09.32 – Bhakti enfranchises everyone – even those disenfranchised by conventional religiosity

by September 7, 2012

Ours is an age that idealizes the equality of all human beings. The American Declaration of Rights which enshrines this equality is widely considered a watershed in human history. Significantly a similar egalitarian declaration is made by the Bhagavad-gita thousands of years earlier.

The Gita espouses the path of bhakti-yoga – the path of pure love for God, Krishna – as the best method for the empowerment and elevation of all. It (9.32) declares, “Those who take shelter in me, though they be of lower birth — women, vaishyas [merchants] and shudras [workers] — can attain the supreme destination.”

Is the reference to women, vaishyas and shudras a sexist or a casteist putdown? Not at all; rather, it is the opposite. Let’s see how.

In conventional Indian society, there were two major forms of conventional religiosity: ritualistic materialism (karma-kanda) and speculative impersonalism (jnana-kanda). According to their conventional standards, those with non-intellectual traditional engagements like home-keeping, agriculture or manual labor didn’t have the time or the disposition for ritual purity or metaphysical probing. Consequently, they were deemed under-qualified for spiritual advancement.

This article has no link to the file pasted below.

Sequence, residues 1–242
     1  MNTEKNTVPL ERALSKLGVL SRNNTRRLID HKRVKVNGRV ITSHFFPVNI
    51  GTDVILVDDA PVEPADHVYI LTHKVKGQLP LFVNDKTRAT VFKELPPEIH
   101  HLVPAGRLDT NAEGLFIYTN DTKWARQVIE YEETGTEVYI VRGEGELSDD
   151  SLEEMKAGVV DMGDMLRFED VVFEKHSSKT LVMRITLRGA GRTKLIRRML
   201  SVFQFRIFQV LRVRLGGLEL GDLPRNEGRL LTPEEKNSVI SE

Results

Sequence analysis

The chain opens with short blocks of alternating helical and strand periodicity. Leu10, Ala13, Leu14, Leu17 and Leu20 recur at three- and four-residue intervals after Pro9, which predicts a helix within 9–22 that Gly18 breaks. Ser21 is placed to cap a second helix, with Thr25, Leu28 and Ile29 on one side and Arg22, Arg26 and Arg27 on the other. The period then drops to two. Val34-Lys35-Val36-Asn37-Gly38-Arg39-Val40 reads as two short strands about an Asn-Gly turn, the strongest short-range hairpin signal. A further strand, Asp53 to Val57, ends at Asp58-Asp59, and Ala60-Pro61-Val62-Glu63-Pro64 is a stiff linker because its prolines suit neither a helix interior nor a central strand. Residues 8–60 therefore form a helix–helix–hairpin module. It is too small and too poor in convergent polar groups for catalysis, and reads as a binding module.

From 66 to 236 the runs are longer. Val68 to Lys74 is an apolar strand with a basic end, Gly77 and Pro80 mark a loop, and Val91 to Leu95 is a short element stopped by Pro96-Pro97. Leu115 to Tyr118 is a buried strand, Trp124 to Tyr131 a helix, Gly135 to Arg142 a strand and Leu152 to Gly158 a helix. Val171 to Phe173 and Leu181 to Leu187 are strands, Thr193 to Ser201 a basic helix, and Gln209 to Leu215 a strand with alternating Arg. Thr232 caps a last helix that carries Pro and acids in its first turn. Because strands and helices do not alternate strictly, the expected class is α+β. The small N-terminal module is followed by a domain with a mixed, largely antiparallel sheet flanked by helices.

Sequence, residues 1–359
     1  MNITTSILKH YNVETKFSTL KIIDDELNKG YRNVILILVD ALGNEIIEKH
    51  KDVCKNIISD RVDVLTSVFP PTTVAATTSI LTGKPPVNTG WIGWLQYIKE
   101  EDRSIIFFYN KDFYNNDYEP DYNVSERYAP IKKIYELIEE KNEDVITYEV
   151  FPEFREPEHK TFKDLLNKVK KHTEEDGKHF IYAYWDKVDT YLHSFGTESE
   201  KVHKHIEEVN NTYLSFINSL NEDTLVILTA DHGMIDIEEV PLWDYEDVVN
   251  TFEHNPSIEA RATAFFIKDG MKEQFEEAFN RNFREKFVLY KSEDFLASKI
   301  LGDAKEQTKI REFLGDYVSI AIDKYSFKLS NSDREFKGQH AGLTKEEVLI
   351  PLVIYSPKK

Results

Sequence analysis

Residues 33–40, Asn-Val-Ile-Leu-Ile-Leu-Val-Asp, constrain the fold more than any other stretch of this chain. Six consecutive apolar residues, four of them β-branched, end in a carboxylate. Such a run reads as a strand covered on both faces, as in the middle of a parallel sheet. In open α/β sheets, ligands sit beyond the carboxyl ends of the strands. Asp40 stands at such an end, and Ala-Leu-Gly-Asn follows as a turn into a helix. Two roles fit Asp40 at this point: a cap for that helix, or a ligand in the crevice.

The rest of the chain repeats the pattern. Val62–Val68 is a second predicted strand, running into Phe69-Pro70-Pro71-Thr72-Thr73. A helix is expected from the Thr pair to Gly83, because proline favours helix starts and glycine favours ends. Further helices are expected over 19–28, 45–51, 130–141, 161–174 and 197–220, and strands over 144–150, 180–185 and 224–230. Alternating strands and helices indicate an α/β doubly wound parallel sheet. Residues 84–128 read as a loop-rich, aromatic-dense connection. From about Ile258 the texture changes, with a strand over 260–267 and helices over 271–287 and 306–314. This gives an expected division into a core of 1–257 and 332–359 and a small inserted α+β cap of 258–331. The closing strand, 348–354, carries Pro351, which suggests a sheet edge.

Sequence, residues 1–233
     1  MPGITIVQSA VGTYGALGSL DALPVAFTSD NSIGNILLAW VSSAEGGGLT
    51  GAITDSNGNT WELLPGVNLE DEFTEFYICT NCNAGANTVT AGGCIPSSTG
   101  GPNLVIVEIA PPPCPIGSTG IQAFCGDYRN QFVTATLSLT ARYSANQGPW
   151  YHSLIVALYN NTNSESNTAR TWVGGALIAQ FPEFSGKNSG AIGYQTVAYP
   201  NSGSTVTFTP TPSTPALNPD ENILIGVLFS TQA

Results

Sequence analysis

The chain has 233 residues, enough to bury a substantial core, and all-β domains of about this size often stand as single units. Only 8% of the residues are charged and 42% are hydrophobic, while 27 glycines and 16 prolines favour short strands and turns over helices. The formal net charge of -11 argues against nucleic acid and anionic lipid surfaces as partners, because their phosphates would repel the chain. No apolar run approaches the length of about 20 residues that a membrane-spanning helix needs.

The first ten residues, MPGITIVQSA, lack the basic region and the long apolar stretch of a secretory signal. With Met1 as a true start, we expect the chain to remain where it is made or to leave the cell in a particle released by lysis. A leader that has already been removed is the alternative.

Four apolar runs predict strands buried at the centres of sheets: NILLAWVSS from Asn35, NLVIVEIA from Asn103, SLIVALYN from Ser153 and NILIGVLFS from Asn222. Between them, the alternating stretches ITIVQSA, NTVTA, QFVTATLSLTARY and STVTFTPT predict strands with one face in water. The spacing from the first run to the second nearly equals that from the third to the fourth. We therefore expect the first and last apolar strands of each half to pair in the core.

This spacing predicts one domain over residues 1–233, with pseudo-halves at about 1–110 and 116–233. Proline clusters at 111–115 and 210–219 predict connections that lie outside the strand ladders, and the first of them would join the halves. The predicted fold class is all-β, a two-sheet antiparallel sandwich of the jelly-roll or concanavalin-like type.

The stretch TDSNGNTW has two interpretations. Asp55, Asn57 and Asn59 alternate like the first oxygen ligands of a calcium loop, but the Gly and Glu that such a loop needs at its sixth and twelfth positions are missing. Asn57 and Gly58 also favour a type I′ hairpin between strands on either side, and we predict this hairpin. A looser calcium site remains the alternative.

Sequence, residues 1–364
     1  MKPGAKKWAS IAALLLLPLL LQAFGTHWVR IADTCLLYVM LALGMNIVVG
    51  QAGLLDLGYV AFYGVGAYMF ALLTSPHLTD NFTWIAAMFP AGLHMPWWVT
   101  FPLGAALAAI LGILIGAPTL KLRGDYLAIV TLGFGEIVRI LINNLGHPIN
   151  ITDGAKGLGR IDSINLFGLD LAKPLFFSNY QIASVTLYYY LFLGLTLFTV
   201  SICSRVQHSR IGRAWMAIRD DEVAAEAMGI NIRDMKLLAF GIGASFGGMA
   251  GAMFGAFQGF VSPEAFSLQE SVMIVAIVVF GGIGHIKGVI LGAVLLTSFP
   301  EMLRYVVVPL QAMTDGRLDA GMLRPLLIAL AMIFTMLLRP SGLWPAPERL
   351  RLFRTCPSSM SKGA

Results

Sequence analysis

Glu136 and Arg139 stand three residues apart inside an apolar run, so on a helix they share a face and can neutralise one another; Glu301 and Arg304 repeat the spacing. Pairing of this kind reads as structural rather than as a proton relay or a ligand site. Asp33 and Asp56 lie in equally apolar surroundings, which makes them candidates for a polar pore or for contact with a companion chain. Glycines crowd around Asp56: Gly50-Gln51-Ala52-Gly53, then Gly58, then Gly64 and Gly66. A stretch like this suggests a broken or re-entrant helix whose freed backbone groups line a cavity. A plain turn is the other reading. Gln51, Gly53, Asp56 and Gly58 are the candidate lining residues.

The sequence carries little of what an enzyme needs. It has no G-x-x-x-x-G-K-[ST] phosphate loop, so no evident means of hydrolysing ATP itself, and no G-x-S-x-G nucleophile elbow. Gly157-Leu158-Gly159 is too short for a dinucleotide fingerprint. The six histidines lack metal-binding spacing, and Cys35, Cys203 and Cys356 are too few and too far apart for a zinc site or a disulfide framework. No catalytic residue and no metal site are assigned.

The Gita offers a nominal tip of the hat to this conventional notion and then delivers its universalist bhakti message which practically nullifies that notion.

Bhakti is a path of the heart – which all of us have – and the path of grace – which all of us can get if we approach Krishna through his devotees. Thus, bhakti opens the doors to spiritual enfranchisement for everyone – even those conventionally considered disenfranchised, as this verse indicates.

This universalism of bhakti, when applied to our times, guarantees that it can grant all of us, no matter how non-spiritual or anti-spiritual our backgrounds might have been, life’s greatest success: an eternal life of love in Krishna’s supreme abode.


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